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Food for thought in pope's speech to diplomats

Pope Francis this week delivered his annual “state of the world” talk to the diplomatic corps at the Vatican. It was one of his more far-ranging speeches, and his comments touched on several topics of particular interest to the United States: — North Korea. The pope repeated his call to settle any international disputes by negotiation and agreement, not by recourse to arms, and added: "In this regard, it is of paramount importance to support every effort at dialogue on the Korean peninsula, in order to find new ways of overcoming the current disputes, increasing mutual trust and ensuring a peaceful future for the Korean people and the entire world." — War and peace. More generally, the pope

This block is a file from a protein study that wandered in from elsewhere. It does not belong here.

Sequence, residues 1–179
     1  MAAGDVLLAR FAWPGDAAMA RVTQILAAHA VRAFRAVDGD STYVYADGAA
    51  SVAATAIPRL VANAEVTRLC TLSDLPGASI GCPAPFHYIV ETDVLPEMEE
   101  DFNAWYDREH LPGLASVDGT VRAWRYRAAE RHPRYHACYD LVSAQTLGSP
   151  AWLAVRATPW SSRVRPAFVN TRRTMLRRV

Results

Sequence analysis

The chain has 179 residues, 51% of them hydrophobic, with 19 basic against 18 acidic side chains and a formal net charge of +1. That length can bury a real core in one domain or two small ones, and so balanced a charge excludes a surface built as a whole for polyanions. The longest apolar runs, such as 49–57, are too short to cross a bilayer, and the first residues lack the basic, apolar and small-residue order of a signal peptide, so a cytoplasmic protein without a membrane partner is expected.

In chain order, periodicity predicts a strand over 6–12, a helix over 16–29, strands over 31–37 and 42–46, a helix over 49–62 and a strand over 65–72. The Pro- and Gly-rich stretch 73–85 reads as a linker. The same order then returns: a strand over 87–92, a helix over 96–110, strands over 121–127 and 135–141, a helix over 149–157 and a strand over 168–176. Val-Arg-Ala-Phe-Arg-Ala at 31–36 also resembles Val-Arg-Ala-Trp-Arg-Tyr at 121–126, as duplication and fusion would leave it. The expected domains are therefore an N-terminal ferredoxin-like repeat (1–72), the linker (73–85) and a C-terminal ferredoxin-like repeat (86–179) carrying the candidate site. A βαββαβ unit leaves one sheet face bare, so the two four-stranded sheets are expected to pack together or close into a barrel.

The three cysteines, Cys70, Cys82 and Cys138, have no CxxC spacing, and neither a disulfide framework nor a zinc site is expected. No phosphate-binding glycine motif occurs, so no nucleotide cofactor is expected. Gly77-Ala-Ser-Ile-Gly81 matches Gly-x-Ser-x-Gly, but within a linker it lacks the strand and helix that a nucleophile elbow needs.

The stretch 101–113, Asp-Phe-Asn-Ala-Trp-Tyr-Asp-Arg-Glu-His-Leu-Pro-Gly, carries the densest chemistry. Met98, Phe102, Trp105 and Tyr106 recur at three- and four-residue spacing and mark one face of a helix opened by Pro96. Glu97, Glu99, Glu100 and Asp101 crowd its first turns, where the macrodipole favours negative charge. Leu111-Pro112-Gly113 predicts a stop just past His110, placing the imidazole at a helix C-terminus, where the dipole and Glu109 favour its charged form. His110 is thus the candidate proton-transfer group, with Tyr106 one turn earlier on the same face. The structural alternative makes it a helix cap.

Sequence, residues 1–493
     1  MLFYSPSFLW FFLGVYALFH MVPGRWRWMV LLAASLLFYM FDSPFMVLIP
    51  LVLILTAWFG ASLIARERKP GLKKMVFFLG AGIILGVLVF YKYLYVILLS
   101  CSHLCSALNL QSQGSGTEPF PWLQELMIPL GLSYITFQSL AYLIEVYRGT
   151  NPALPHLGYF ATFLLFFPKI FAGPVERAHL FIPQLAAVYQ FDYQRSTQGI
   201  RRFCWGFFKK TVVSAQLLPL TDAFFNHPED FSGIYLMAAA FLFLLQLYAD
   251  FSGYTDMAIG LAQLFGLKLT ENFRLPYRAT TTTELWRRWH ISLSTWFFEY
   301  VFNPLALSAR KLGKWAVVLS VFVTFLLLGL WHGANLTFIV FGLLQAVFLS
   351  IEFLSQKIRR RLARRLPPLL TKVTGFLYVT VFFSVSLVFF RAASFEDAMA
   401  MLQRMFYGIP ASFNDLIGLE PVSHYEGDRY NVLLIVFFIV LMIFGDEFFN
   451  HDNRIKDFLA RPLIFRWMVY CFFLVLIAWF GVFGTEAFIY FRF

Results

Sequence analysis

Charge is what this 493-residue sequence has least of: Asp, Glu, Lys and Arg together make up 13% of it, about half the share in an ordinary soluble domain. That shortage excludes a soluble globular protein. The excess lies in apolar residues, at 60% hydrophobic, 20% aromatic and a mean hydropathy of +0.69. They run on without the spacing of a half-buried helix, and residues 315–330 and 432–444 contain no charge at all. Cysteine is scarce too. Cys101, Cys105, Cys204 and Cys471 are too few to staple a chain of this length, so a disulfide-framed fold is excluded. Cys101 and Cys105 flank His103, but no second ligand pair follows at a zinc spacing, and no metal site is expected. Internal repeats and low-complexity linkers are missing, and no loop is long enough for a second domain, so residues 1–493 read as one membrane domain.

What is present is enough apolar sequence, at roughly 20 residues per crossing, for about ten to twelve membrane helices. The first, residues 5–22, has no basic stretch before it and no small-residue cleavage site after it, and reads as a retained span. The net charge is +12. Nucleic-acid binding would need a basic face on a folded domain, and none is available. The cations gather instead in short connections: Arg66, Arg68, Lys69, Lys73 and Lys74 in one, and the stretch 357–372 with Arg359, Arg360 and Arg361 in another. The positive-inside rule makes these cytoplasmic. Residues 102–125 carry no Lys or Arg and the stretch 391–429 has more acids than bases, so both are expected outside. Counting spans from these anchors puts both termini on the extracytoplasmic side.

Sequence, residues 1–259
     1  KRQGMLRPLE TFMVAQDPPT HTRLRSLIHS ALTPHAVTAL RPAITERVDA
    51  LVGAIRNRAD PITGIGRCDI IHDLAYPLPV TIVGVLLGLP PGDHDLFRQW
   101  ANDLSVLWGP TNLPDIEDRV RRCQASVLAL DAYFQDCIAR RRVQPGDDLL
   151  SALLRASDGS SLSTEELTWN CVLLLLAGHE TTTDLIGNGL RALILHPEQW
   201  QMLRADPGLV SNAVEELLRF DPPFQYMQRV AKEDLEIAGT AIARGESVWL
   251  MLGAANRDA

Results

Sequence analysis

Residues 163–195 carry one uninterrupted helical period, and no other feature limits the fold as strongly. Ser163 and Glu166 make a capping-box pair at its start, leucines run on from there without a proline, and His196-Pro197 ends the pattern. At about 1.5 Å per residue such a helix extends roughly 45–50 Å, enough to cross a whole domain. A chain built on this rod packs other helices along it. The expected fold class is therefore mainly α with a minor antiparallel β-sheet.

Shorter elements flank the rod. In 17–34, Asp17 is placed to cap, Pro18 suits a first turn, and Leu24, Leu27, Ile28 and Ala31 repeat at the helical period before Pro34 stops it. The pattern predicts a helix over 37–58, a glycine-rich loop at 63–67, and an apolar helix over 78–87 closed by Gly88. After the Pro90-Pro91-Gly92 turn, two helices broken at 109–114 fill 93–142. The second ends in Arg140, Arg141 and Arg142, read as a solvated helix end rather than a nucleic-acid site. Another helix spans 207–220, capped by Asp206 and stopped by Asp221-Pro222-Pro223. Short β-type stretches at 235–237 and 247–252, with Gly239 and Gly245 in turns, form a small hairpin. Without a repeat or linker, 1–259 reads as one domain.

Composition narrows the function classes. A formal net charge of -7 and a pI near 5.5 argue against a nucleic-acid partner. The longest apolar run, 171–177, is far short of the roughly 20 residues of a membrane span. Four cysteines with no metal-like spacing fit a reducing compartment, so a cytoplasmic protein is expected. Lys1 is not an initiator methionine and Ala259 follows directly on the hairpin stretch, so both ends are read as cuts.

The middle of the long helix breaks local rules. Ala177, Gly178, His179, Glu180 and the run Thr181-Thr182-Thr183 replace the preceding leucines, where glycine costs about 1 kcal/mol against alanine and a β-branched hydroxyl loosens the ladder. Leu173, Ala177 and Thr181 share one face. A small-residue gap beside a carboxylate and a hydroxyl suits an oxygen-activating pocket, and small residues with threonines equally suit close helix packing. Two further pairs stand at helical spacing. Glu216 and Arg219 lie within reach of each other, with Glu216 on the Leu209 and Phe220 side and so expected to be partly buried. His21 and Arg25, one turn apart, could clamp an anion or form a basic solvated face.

Pope Francis and nuclear deterrence

As 2017 drew to a close, the potential for nuclear destruction was clearly on the mind of Pope Francis. During the Christmas season, the Vatican circulated a card reproducing a dramatic photo from the aftermath of the U.S. bombing of Nagasaki, Japan, in 1945. Taken by Marine photographer Joseph O’Donnell, it showed a boy carrying his dead brother on his back as he waited in line at a crematorium. On the reverse of the card is the phrase “The fruits of war” and the pope’s signature. The image reflected a deep concern that the pope has expressed on numerous occasions since his election in 2013: that nuclear deterrence, once seen as a necessary evil, may in fact be a path to global disaster. In

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